But I digress. So yes, Kerala has to be seen from a train. It's simply the best way to see it. After a tranquil train-ride, the rest of the journey went past in a blur of Sangeet, Food, Dancing (haha, yes. I finally managed to unearth the right foot and replace it with my second left foot.), Food, Dressing up, Food, Tears, Food, Hooting and scandalizing relatives, Food, THE wedding, Food, Photographs, Food, Reception, Food, DJ parties with psychedelic lights and dry ice smoke in a sea-facing apartment (how cool was THAT!) and..what was that again? Aah, yes. Food. 

I leave the wedding details to the bride. (She is, after all, sitting in a fancy cabin as I write this, sipping free coffee and wondering what to do with her time. Here you go. Chronicle your wedding. :P) 

...and move on to the other best part of a wedding. The FOOD! Not only did I get to try completely new cuisines, I ended up loving every single thing! And the star of the show, Mutta Bajji (that's egg pakoda for those who don't know.) Have you ever heard of such a marvel? Of course, if the Photu Behen had served the Mutta Bajji in her wedding, I doubt if anyone would have hung around to wish the happy couple, people would be running towards the dining area.

 But then again, I wonder how many people get this excited about egg pakodas. Dude. It's egg and it's pakoda. Two of my favorite food items combined to form a fantastic dish. That doesn't happen all the time, now, does it? Or else we'd see more of French Fries served with Vanilla Ice cream in the market (What? It tastes great together. Don't judge, you curd-rice-with-ketchup eating person.)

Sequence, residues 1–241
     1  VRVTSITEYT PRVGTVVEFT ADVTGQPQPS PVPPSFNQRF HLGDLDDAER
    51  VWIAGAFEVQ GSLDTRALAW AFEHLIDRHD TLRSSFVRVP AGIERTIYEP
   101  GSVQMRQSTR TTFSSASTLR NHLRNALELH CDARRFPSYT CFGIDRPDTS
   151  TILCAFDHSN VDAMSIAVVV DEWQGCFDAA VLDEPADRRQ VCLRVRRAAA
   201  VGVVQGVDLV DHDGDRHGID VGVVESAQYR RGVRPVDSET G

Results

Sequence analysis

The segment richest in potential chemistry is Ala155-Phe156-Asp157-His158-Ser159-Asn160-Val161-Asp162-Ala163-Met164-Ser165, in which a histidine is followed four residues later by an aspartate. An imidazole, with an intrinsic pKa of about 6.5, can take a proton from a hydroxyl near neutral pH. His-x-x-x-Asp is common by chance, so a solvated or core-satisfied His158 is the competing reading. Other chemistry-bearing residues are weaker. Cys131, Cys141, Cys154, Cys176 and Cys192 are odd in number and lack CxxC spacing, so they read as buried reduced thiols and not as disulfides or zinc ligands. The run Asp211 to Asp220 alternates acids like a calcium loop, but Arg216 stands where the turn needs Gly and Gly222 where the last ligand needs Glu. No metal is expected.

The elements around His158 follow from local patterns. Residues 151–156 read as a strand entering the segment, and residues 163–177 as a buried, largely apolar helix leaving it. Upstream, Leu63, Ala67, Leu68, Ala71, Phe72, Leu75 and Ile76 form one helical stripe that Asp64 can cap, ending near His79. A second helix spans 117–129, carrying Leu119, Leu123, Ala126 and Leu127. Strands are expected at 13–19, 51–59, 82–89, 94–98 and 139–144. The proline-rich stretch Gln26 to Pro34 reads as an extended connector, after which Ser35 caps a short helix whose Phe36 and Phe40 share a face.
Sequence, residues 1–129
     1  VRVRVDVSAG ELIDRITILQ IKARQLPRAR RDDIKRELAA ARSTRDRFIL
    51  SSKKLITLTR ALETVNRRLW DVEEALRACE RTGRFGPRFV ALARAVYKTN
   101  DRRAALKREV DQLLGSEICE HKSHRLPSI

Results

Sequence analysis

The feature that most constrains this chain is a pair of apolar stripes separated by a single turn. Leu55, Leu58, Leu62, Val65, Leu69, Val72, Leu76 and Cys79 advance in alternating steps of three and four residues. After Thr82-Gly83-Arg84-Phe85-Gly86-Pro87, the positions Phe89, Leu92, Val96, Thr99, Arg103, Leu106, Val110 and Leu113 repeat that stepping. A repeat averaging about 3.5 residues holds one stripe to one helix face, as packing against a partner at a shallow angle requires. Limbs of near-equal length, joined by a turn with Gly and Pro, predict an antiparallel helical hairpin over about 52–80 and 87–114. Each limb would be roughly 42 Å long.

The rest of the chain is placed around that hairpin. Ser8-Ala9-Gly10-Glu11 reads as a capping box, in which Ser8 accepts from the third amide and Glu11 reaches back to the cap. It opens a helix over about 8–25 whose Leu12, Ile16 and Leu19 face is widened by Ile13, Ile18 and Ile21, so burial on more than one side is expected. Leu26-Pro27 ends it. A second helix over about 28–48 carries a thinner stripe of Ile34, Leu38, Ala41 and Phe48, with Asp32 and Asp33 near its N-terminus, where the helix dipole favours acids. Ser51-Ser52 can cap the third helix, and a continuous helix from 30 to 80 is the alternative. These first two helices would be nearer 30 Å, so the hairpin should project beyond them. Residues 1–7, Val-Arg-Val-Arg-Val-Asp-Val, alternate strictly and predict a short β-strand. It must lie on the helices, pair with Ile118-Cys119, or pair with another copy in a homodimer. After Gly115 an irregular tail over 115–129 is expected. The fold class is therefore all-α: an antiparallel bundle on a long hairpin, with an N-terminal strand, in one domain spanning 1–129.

And of course, eating the Bajji after a looooong stint at the Cherai beach where we did everything, from posing for random artsy pictures (that just had to become cover pictures on our timelines) to collecting shells  (I found one that had my initials, VV on it! And yes, I behaved like a three-year-old on a sugar high after that.)...Bajjis taste best on a Beach, where the Chaetta (haha, call me Pseudo-mallu, chechis of the world) reties his mundu, wipes the sweat off his brow and begins to deep fry the boiled eggs soaked in a batter straight from the heavens, picks them up and puts them on a plate, where it swims in the spiciest of chutneys, and convinces you to drink 'Chaaya' with it, because it would feel lonesome without the tea. 

Watching the waves try and reach for you with the increasing tide, tasting salty grains of the sand as you take that delicious bite....and just being in great company, the Bajji on the Beach was a moment I will always cherish. In so many ways, I've conveyed everything I wanted to about the wedding with the Bajji on the Beach, two entities made for each other, looking picture perfect as they blend into the sunset....with the end credits rolling after a Happily Ever After moment.  

Photu-Behen and Butter-in-law, I wish you both a lifetime of Bajji and the Beach moments. :) Ok, now move along, there still 6 more of the Glove waiting in line. 

On a random and completely unrelated note, I just realized that my customary birthday post is due next week. And that I'm getting older and more invites for classmates getting married is coming into my inbox/newsfeed each day. Oh dear. Looks like the I will run away and build a cottage in Florence and live happily ever after plan needs to be put in action. Fast.